Palm Pre Plus – Too Soft For This Goldilocks

Almost everything about the Palm Pre Plus is cooler than my previous phone, the HTC Touch Pro running Windows Mobile. I thought my phone was the hotness. I thought my phone was the greatest thing ever. The Pre is hotter. The Pre is the greaterest thing ever.
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The hardware design is sleek and lovely. The OS looks and feels fabulous. After a brief learning curve I was able to pick up all the gestures and navigational tricks and I grew to really enjoy the interface. It can do cool things like navigate with Google Maps and it can act as a mobile WiFi hotspot, serving up to 5 other devices with wireless internet – very cool for a long roadtrip.

pre 051 (2)The problem is that although it’s cuter, prettier and faster than my stolen phone, it just doesn’t do everything I’ve come to expect. While I was trying it out, I kept saying, “But it’s so cute. Why can’t it do X?” or, “I want this to be my phone if only it could…”

The Pre works with Microsoft Exchange so it syncs my calendars and contacts, which is great. However, the calendar functionality is limited. There are little things that have come to be very important to me that you cannot do on a Pre calendar. The most critical problem for me is that I can’t add attendees to a calendar appointment. Whenever I’m out and about and make a new appointment, I add Dan as an attendee and the event goes to all of our phones and calendars within minutes. This makes family planning (not that kind) very easy and I feel like I need it, although “need” is a funny word.
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Another downside to the Pre is that there is currently no way to edit documents. It comes with a document viewer installed and on the Dataviz website, there’s a page saying that a fully functional document editor will be released early in 2010. But it’s April and that’s a deal breaker for me.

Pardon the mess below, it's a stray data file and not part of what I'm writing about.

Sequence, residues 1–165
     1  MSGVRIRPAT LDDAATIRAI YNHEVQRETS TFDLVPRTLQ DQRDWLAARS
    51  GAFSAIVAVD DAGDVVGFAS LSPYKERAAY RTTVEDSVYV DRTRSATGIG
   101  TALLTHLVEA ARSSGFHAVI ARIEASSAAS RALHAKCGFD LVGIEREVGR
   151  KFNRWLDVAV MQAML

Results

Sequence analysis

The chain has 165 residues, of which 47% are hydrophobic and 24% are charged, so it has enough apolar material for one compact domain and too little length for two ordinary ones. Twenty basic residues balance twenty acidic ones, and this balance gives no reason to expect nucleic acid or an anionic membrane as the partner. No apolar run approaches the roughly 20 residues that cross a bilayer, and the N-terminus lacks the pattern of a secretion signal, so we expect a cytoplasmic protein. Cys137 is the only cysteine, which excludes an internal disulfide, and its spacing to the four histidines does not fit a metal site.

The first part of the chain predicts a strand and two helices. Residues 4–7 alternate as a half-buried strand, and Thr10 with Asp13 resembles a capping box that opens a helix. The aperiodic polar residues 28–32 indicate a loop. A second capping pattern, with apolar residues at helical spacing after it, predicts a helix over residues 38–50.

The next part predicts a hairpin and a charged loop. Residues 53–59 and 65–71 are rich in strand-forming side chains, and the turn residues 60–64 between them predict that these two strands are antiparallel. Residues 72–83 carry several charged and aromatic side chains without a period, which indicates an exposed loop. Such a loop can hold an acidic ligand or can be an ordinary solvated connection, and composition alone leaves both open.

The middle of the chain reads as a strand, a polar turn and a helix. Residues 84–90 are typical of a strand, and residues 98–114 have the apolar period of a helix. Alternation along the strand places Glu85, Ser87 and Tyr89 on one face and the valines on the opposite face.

pre 055 (2)Dataviz has document editing apps for every other phone and its dog but not for the Pre. And therein lies the rub. Not many people are designing apps for the Pre. Palm is up for sale so its future is uncertain. I’m sure developers don’t want to pour resources into creating apps for an OS that may be off the market shortly. They’re putting their eggs into the basket of Apple and Google and hopefully Microsoft when their new (supposedly groundbreaking) Windows Phone 7 gets released later this year.

Because we’re so entangled with Microsoft, I was hoping my previous phone would get me through until the release of The Windows Phone Hotness but with my phone gone, I need to get something now.

I wanted it to be Palm. I loved the Pre. But this Goldilocks, like my burglarific predecessor, has very specific needs and is moving on to the next bowl of porridge.

If you’re looking for a smart phone that’s beautiful, sleek, easy to use and well-designed that doesn’t have a lot of gadgets and apps but has great web-browsing and simple personal calendaring, take the Pre out for a spin.

This week I’m exploring the world of <DROID>. The <> around DROID indicates that I’m saying it like a robot. Say it with me. It’s fun.

Click to Read My Product Review Policy

In this case, I’m borrowing phones to try out and then I plan to purchase the one I like best.

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5 Responses to Palm Pre Plus – Too Soft For This Goldilocks

  1. Pops says:

    I don’t get what’s going on with Palm. I bought a Palm tX a few years ago (I know, not a phone), and it is (or was in the day) a cool little device with a lot of potential with pictures, movies, music, and ebooks. But there was zero software support for it. Nothing new, no development. The OS was seriously from the 80s. The 1880s. It would allow a maximum of 256 files total on the device, which is kind of silly when you can put billions of files on the SD card. If you slipped and put too many files on, it wouldn’t boot.

    So, I’m allergic to Palm. Sounds like you were almost infected but escaped. Phew!

  2. Jess says:

    I’m sorry you lost your phone but I’m reading your reviews with great interest, as I would love an iPhone but I’ve been with Verizon for 8+ years and know that the network works everywhere I want it to. So I’m sympathetic to your search, though my current phone is a dinosaur razor. I have high hopes for the Droid, though!